But everybody’s familiar with the story of the conversion of Shaul, or Saul is his anglicised name, or most know him as Paul. Everybody knows that story, everyone knew he was heading to Damascus as a blasphemer, as he later called himself, but after that period of time there are five places in Scripture that detail different parts of that story, and if you put them all together you find out that there are somewhere between, probably, one and three years of his life that were unaccounted for right after the conversion.
Where Paul, himself, says, “I went immediately into,” he uses the word, “Arabia,” that’s the Roman word for what now is called Nabatea, that was the kingdom just east of Judea. That’s kind of a preamble for saying the story is my fictionalised look at what he did in those three years. And I have a detailed encounter between Shaul (Paul) and Queen Shaqilath, who was the Queen of Nabatea.
Belinda Pollard: That’s fantastic. I love it. I love what you’ve done there, Bill, to learn a new form. You have encountered …
Bill Brockmeier: I don’t know if I’ve learnt it yet.
Belinda Pollard: Yes, but I love the process that you’ve gone through, just unpacking that, you’ve encountered the new form, you’ve been bewitched by it, you’ve loved it, quite against what you were expecting to happen. And then you have gone and deliberately experienced more and more and more of it, much like we, whatever form we’re writing, we need to be reading that form of writing, absorbing that form of writing. And you’ve gone out and you’ve found a magic book on the internet full of 101, for those of you who were listening and couldn’t see that, that is a massive book, and it’s got all of these other librettos in it.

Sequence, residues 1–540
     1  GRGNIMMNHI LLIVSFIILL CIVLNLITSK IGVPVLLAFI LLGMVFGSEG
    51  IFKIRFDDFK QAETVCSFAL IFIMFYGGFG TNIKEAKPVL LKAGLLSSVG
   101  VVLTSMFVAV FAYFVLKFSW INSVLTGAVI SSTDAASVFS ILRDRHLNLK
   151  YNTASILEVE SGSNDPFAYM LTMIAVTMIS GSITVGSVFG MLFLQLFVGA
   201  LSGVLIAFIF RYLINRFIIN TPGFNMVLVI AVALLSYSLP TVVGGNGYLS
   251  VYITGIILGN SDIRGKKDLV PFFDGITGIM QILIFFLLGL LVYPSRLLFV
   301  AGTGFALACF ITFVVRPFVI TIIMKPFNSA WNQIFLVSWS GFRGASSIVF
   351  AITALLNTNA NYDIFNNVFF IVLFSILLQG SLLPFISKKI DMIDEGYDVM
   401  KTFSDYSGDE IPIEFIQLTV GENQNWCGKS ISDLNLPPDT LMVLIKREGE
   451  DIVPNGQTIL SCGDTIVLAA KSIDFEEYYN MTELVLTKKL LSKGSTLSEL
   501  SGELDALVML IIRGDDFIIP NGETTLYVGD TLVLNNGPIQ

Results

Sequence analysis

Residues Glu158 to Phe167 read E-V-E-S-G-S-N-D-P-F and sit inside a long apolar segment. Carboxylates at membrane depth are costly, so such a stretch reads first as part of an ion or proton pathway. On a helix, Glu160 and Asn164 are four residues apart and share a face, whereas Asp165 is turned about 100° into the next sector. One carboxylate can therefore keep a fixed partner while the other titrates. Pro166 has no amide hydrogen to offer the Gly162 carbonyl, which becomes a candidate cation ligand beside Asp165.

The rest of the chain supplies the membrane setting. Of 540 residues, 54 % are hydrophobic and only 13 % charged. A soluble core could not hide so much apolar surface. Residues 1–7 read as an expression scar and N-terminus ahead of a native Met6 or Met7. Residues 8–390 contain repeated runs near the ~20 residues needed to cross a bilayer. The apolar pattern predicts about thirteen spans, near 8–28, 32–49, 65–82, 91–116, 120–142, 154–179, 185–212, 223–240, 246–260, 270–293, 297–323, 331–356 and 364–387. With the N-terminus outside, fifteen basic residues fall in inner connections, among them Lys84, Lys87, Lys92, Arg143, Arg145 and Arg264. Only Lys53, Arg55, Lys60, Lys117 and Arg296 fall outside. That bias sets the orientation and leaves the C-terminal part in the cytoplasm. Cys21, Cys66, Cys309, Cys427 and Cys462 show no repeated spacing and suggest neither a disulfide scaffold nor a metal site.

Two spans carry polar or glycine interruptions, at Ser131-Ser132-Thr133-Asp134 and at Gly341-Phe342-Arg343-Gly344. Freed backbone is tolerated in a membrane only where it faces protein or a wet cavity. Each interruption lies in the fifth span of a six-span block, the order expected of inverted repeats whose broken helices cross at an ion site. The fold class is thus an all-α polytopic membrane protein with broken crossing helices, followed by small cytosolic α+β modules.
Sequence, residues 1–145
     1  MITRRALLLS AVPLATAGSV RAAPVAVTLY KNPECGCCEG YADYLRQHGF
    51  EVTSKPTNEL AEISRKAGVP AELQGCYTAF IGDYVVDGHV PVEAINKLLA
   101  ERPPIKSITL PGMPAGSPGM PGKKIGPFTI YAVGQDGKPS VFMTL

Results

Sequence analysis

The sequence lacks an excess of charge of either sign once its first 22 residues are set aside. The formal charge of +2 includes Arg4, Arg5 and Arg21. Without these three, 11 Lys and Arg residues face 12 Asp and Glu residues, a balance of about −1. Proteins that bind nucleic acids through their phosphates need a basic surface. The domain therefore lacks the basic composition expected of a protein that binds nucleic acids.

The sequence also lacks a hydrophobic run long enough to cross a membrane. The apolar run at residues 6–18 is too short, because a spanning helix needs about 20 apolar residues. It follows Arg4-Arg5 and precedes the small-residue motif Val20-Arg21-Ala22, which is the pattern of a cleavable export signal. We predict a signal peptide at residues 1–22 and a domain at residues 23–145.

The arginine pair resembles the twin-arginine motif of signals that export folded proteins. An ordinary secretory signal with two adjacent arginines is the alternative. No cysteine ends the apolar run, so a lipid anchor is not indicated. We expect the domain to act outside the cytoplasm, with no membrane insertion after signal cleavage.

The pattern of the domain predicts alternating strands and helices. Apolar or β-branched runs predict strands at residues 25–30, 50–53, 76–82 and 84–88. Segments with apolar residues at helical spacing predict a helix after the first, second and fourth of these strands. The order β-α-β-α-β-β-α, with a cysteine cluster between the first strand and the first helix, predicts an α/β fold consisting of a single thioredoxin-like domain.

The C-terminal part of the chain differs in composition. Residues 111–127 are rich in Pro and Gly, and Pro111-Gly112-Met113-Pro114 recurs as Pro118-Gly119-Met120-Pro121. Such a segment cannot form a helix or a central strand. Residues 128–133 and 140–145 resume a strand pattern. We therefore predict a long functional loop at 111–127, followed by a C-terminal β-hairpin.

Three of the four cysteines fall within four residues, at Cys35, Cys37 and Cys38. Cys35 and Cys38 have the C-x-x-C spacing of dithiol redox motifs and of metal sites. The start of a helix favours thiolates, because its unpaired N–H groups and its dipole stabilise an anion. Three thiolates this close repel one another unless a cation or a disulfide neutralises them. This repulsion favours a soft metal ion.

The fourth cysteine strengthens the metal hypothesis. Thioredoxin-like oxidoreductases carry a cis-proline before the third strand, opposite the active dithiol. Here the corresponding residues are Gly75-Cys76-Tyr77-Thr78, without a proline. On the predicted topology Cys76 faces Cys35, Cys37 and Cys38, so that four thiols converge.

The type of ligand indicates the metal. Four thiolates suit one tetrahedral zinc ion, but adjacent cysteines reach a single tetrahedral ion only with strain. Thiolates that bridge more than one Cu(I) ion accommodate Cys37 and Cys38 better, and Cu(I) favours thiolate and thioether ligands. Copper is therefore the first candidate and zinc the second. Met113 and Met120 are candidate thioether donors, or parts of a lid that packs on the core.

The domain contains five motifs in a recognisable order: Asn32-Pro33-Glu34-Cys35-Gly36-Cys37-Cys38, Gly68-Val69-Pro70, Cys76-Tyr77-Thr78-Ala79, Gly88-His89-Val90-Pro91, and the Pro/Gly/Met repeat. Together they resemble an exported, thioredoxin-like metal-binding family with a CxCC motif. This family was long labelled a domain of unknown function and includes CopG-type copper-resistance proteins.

So, you’re going through and you’re analysing, you’re reverse engineering how these people have written this thing, to work out how you’re going to write it. And this is a fantastic process and procedure and idea and method for all of us as writers. So, I’m very excited by that.
Bill Brockmeier: And I think another thing, as well as that process, is, and this covers my whole reason for getting into fiction and writing novels, because I was never interested in that either before. I think it’s really important for all of us to really consider our lives as adventures, and this time that we live on this earth is remarkable in so many different ways. It’s very grounded, it’s very difficult at times, painful at times even to the point of being horrendous at times, but that’s part of what adventure is, you never know what’s around the next corner.
And to me, I’m 70 years old, I see however many years I have left as, those are going to be rich years. What I’ve already lived have been rich, but what yet waits ahead of me, I can’t wait to get to. And I encourage anybody, who is creative in any manner, to not just stay in your zone of comfort, but to look around and to look into matters that maybe you had no interest in before. Because who knows what might be there.